This one isn’t going to be easy to write and I’m sure not easy for you to read. It’s my story, or at least part of it. It’s the part of my life I chose to share during my recent Teal on the Hill trip to help raise awareness of poor healthcare for adults living with Spina Bifida.
The night before our meetings on Capitol Hill was a sleepless one for me. Believe it or not I hadn’t really thought about what I would say to each of these people. I wasn’t sure how I would feel spilling the beans to total strangers. During our first meeting I didn’t really tell my story. I let Jennifer (the rep from Massachusetts) take the reigns. She talked a lot about being an adult with Spina Bifida and how the quality of care that she is receiving now is not as great as it was when she was as a child.
You see, as children with Spina Bifida her and I both got amazing care (expensive, but amazing) We both were set up with regular visits at clinics in our home states. Because Spina Bifida really effects the whole body these clinics got a team of over a dozen different doctors together to work collaboratively for their patient. I remember going to my clinic at Dartmouth Medical Center in Lebanon, NH feeling really special. Like, all these people are here for ME! We were an awesome team! However as adults Jennifer and I both agree the quality of care is not the same.
There are about 16 clinics for adults living with Spina Bifida in the US and none of them are in New England. My hope was that my story would raise awareness to the issue and hopefully bring more quality care to NH someday (or at least a little closer)
The Senators and state representatives weren’t surprised to hear that we got quality care as children. It’s very common in every state that a child with Spina Bifida go to one of these clinics. But, what happens when that child turns eighteen and doesn’t live in one of the 16 states with an adult clinic? Well, they were shocked to hear this.
When I turned eighteen I was told I was too old to keep going to the clinic in Lebanon, NH. I was told that they focus mostly on children since that is when kidney development is most crucial plus the clinic was shutting down completely due to a lack of funding. So, I was left to find new doctors (with the help from my parents, of course) to hopefully be provided the same quality care I had been receiving. The unfortunate thing is a lot of doctors are not familiar with adults living with Spina Bifida. It isn’t until recently that patients like myself are living as long as they do. We managed to find me decent care for regular visits and exams that helped battle the normal infections and preventative care. But…….
Now fast forward to 2005. I had just graduated from college (21 yrs old) and found out I was pregnant (holy crap). Admittedly not planned and not that excited about it at first but, I knew I was responsible enough and quickly fell in love with the idea of being a mommy! About 3 months into the pregnancy I started encountering some major problems. Basically my bladder and kidneys stopped working. Something was blocked by the baby’s growth and urine was not able to get from my kidneys to my bladder. It is really bad (and not to mention painful) to have urine just sit in your kidneys. The only way to fix this the problem was to have two tubes (nephrostomy tubes) put in to each kidney through my back to release the build up of urine into two bags. It wasn’t really fun to spend my entire pregnancy carrying around two small bags of my own urine (gross). While this helped, it still didn’t eliminated infections from coming and the (stupid) tubes would get blocked and have to be replaced over and over again. Long story short, I made it to month seven of the pregnancy only to be told during a routine checkup for the baby that there was no heartbeat. The news was devastating. I couldn’t believe that after all I had been through I wasn’t going to have this beautiful little boy to show for it. To make it all seem worthwhile.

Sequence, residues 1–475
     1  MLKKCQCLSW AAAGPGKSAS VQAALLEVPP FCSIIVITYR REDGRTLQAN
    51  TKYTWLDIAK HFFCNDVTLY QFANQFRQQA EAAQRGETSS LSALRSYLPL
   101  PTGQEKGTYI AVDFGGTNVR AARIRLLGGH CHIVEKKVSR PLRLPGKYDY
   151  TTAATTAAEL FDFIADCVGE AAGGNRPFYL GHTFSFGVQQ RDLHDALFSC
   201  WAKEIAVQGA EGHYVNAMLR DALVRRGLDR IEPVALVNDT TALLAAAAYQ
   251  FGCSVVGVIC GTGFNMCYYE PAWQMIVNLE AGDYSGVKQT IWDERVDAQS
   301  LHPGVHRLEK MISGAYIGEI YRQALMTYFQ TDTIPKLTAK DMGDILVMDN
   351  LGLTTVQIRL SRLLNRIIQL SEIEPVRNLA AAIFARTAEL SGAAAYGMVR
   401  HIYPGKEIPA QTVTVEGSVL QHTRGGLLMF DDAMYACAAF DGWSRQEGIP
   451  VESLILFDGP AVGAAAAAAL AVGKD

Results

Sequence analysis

Through this whole ordeal I really wished I had my team of doctors. The care during my pregnancy was so disjointed and unorganized. None of my doctors really talked to each other and I was prescribed so many different things. Sometimes I felt like it wasn’t even really clear as to whom I should call with an issue. If I had a more coordinated care maybe things could’ve been different. I can’t help but wonder.
So there you have it – my story. It certainly caught their attention and had them shocked at the kind of care I had received during my pregnancy. I left my meetings feeling like I had raised more awareness for adult women living with Spina Bifida which was our mission. I left feeling like I could conquer the world!
By the way, His name is Xavier William Lovering-Lopez. He was born on November 3, 2005. I only got to hold him for a little while but he is forever in my heart. He made me a stronger woman and for that I am grateful. I know that everything happens for a reason and I have made peace with this chapter in my life. I tell Xavier’s story not for sympathy but to help raise awareness for this very subject. It is so important to me that Xavier be my drive behind this whole blog. That his name not go unnoticed but is heard where ever necessary in hopes that another woman with Spina Bifida does not have to go through the same thing. He was born into this world this way for a reason and I think I have finally figured out why!
P.S. I plan to share the stories of others affected by Spina Bifida. I truly believe this will be the best way to raise awareness, educate people, and help other feels like they aren’t alone! So, whatever your story is please head over to my “share your story” page and share with us!